OBJECTIVES: To provide an evidence-based perspective on the prognostic value of novel markers in localised prostate cancer and to identify the best prognostic model including the three classical markers and investigate whether models incorporating novel markers are better. DATA SOURCES: Eight electronic bibliographic databases were searched during March-April 2007. The reference lists of relevant articles were checked and various health services research-related resources consulted via the internet. The search was restricted to publications from 1970 onwards in the English language. METHODS: Selected studies were assessed, data extracted using a standard template, and quality assessed using an adaptation of published criteria. Because of the heterogeneity regarding populations, outcomes and study type, meta-analyses were not undertaken and the results are presented in tabulated format with a narrative synthesis of the results. RESULTS: In total 30 papers met the inclusion criteria, of which 28 reported on prognostic novel markers and five on prognostic models. A total of 21 novel markers were identified from the 28 novel marker studies. There was considerable variability in the results reported, the quality of the studies was generally poor and there was a shortage of studies in some categories. The marker with the strongest evidence for its prognostic significance was prostate-specific antigen (PSA) velocity (or doubling time). There was a particularly strong association between PSA velocity and prostate cancer death in both clinical and pathological models. In the clinical model the hazard ratio for death from prostate cancer was 9.8 (95% CI 2.8-34.3, p < 0.001) in men with an annual PSA velocity of more than 2 ng/ml versus an annual PSA velocity of 2 ng/ml or less; similarly, the hazard ratio was 12.8 (95% CI 3.7-43.7, p < 0.001) in the pathological model. The quality of the prognostic model studies was adequate and overall better than the quality of the prognostic marker studies. Two issues were poorly dealt with in most or all of the prognostic model studies: inclusion of established markers and consideration of the possible biases from study attrition. Given the heterogeneity of the models, they cannot be considered comparable. Only two models did not include a novel marker, and one of these included several demographic and co-morbidity variables to predict all-cause mortality. Only two models reported a measure of model performance, the C-statistic, and for neither was it calculated in an external data set. It was not possible to assess whether the models that included novel markers performed better than those without. CONCLUSIONS: This review highlighted the poor quality and heterogeneity of studies, which render much of the results inconclusive. It also pinpointed the small proportion of models reported in the literature that are based on patient cohorts with a mean or median follow-up of at least 5 years, thus making long-term predictions unreliable. PSA velocity, however, stood out in terms of the strength of the evidence supporting its prognostic value and the relatively high hazard ratios. There is great interest in PSA velocity as a monitoring tool for active surveillance but there is as yet no consensus on how it should be used and, in particular, what threshold should indicate the need for radical treatment.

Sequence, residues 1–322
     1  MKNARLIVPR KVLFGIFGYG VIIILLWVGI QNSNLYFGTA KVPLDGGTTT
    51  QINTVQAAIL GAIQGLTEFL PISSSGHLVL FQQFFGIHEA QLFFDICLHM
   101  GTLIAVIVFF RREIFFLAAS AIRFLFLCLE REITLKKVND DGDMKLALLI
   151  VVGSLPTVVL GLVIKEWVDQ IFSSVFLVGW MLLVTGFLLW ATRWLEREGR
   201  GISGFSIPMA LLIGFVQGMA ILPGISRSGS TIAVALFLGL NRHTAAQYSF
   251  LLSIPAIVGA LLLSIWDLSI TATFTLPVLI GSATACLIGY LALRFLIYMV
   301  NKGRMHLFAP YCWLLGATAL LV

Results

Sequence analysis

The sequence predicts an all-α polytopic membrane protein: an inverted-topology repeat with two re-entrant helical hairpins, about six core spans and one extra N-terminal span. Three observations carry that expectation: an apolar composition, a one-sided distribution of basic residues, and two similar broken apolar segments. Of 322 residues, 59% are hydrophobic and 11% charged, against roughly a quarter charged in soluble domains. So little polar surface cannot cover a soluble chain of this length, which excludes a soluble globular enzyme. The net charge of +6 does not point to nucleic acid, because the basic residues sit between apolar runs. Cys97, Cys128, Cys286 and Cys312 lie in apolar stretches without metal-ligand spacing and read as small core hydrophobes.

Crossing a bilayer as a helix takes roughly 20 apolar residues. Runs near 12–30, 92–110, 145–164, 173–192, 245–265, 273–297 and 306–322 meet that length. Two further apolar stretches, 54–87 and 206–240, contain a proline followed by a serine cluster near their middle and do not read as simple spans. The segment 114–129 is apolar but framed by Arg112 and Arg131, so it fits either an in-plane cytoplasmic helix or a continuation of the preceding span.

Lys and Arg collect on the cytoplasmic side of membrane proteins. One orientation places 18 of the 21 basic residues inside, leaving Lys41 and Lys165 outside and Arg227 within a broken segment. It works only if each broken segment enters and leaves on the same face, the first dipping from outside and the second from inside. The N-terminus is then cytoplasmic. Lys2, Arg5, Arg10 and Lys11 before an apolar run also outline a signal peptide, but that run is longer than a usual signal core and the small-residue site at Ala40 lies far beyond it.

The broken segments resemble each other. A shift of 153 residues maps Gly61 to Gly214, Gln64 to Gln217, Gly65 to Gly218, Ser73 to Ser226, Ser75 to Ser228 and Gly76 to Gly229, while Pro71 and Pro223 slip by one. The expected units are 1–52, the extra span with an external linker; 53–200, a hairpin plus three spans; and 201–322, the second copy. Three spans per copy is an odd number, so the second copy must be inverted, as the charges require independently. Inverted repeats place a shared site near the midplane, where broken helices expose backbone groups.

• A FTIR microspectroscopic study of the uptake and metabolism of isotopically labelled fatty acids by metastatic prostate cancer.

      Gazi, Ehsan; Harvey, Tim J; Brown, Michael D; Lockyer, Nicholas P; Gardner, Peter; Clarke, Noel W; Genito Urinary Cancer research Group, School of Cancer and Imaging Sciences, Paterson Institute for Cancer Research, University of Manchester, Wilmslow Road, Manchester M20 4BX, UK (2009)
    • Issues in applying multi-arm multi-stage methodology to a clinical trial in prostate cancer: the MRC STAMPEDE trial.

      Sydes, Matthew R; Parmar, Mahesh K B; James, Nicholas D; Clarke, Noel W; Dearnaley, David P; Mason, Malcolm D; Morgan, Rachel C; Sanders, Karen; Royston, Patrick; MRC Clinical Trials Unit, London, UK. matthew.sydes@ctu.mrc.ac.uk (2009)
      BACKGROUND: The multi-arm multi-stage (MAMS) trial is a new paradigm for conducting randomised controlled trials that allows the simultaneous assessment of a number of research treatments against a single control arm. MAMS trials provide earlier answers and are potentially more cost-effective than a series of traditionally designed trials. Prostate cancer is the most common tumour in men and there is a need to improve outcomes for men with hormone-sensitive, advanced disease as quickly as possible. The MAMS design will potentially facilitate evaluation and testing of new therapies in this and other diseases. METHODS: STAMPEDE is an open-label, 5-stage, 6-arm randomised controlled trial using MAMS methodology for men with prostate cancer. It is the first trial of this design to use multiple arms and stages synchronously. RESULTS: The practical and statistical issues faced by STAMPEDE in implementing MAMS methodology are discussed and contrasted with those for traditional trials. These issues include the choice of intermediate and final outcome measures, sample size calculations and the impact of varying the assumptions, the process for moving between trial stages, stopping accrual to each trial arm and overall, and issues around perceived trial complexity. CONCLUSION: It is possible to use the MAMS design to initiate and undertake large scale cancer trials. The results from STAMPEDE will not be known for some years but the lessons learned from running a MAMS trial are shared in the hope that other researchers will use this exciting and efficient method to perform further randomised controlled trials. TRIAL REGISTRATION: ISRCTN78818544, NCT00268476.